If it's possible, I would want them to do a full governmental road safety inspection test with paperwork to help insure no corners are cut. I don't know what it is called, but the equivalent of the UK's MOT test that you are required to have to use the vehicle on the public highway. Over here, it doesn't matter if it has 9 months of the year left to run, you can still book another test if you have concerns. It's a fixed rate and covers brakes, tyres, steering, suspension, lights, rust, emissions, even light bulbs and wiper blades etc but not mechanical condition. As the MOT is a goverment document and recorded, they take extra care before passing the vehicle 'fit for the road'. Is it the same in the USA ? Perhaps the Ford dealer could do the official test and carry out a mechanical check and service ?

  8. #28
    Join Date
    Dec 2008
    Location
    Melbourne, Australia
    Posts
    7,169

    Default

    Dave, that sounds the same as what we have here, the roadworthy certificate. You really can't sell a vehicle without it. Not that there is a law against it, but no one will buy it. It would mean that they have to get one, and get repairs done, if necessary, before they can register it.

    I have already spoken at length with the Ford dealership, and sent them an email with the list of things I want looked at. But they will not do it till the cheque from friend arrives and is cleared. OMG! I find that so hard to cope with. I don't know anyone who still uses cheques. Here all banking and payments are done by electronic transfer, from bank account to bank account - regardless of which bank it comes from or which bank it goes to... even credit unions, etc. So I am totally dependent on calling my friend, tell what cheque to write, mail it, and wait for USPS to deliver it, then wait for the bank to get back to the issuing bank to clear it.... and a couple of weeks have gone.

    And friend who has all my money leaves for Europe on 15th October.

    NAIS is on my list to call, in a few hours. It is one of three calls on my list for am USA time. That makes the total this week to almost two dozen. Thank God for Skype. Without it, I would not be able to call Toll Free numbers, toll free. Not that they are all toll free, but it softens the blow. (And you know how big that blow is.)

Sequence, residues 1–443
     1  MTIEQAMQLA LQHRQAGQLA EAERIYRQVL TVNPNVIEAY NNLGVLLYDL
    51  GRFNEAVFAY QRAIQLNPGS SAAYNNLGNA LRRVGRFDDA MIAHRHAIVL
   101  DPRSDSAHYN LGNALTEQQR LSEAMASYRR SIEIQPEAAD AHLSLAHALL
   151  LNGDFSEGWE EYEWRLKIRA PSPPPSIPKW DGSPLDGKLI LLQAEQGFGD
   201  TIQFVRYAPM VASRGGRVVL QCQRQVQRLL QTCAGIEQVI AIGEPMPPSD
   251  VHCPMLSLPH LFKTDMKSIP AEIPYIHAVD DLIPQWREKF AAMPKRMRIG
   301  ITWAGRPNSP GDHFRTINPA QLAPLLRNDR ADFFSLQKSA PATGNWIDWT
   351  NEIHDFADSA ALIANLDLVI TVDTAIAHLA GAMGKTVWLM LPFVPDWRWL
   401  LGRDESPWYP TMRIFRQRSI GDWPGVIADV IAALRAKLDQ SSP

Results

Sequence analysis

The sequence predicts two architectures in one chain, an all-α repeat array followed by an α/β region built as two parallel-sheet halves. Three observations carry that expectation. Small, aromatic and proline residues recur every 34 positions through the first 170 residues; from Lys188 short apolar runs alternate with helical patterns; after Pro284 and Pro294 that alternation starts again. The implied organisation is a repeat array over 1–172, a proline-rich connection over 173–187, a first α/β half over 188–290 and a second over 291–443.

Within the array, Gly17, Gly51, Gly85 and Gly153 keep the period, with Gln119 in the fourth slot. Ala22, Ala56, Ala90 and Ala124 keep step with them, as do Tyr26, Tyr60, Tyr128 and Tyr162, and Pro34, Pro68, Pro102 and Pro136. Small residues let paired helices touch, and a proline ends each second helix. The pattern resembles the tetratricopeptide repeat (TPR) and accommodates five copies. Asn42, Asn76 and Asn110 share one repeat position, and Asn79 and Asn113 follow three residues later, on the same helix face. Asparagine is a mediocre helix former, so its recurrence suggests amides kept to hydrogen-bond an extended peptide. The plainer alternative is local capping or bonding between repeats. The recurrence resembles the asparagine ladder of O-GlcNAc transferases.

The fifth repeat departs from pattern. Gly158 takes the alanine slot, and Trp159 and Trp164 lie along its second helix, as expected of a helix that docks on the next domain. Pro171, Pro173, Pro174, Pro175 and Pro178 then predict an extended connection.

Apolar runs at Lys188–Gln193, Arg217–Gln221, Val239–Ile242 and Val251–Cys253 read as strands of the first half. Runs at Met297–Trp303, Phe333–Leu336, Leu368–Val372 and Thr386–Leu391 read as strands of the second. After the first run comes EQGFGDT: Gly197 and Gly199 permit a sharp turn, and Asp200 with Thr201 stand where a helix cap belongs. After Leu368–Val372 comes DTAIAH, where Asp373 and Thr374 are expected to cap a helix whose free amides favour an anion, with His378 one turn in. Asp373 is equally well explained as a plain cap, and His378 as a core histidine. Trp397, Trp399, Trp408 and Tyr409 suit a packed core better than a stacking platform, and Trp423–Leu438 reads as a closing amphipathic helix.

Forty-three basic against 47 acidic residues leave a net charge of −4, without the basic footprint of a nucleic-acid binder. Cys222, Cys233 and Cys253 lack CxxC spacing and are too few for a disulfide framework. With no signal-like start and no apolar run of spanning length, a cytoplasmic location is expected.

Next comes organising the six months storage.

    Lifey

  9. #29
    Join Date
    Jul 2007
    Location
    South of England.
    Posts
    11,662

    Default That's it.

    Dave, that sounds the same as what we have here, the roadworthy certificate. You really can't sell a vehicle without it. Not that there is a law against it, but no one will buy it. It would mean that they have to get one, and get repairs done, if necessary, before they can register it.
    Exactly that. My thinking was that to carry out that sort of inpection privately, it would cost at least double the fixed maximum fee that could be charged for the test that is pre set by the government. [Over here anyway] So even though the vehicle might have had a test a few months ago, it doesn't mean there is nothing wrong now. Re-testing it could be a way of a cheap and thorough examination of the road worthiness side of things [NOT MECHANICAL, although emissions test can sometimes give an idea]. The other thing is that although you are paying the bill, the work is done for the government and recorded on computers and other than the most 'dodgy' dealers, means you will get a fair and unbiased test unbiased report as the workshops are subject to inspections and punishment, if they do not do the job properly, so not such a big risk of a big tip from the owner to turn a blind eye. [lol] . [Again, that's this side of the pond, so one of our US mates will be able to advise better on what happens there.]

    When I buy a second hand vehicle [which is quite often, ask Lezli LOL] with anything under half it's ticket left, I inspect it and service if needed and then take it to re-new it's ticket. A brand new ticket increases the value of of the vehicle and put's your mind at rest that you haven't missed anything.

  10. #30
    Join Date
    Jan 1998
    Location
    Las Vegas, Nevada
    Posts
    10,576

    Default State's Rights

    At least partly the reason there is no such national vehicle condition license/regulation is that every individual state makes up it's own laws on such matters. The Federal government has no role here. The closest national-level program would be the Car Fax program that keeps track of car wrecks and car repairs for the vehicle in it's databases.

    Mark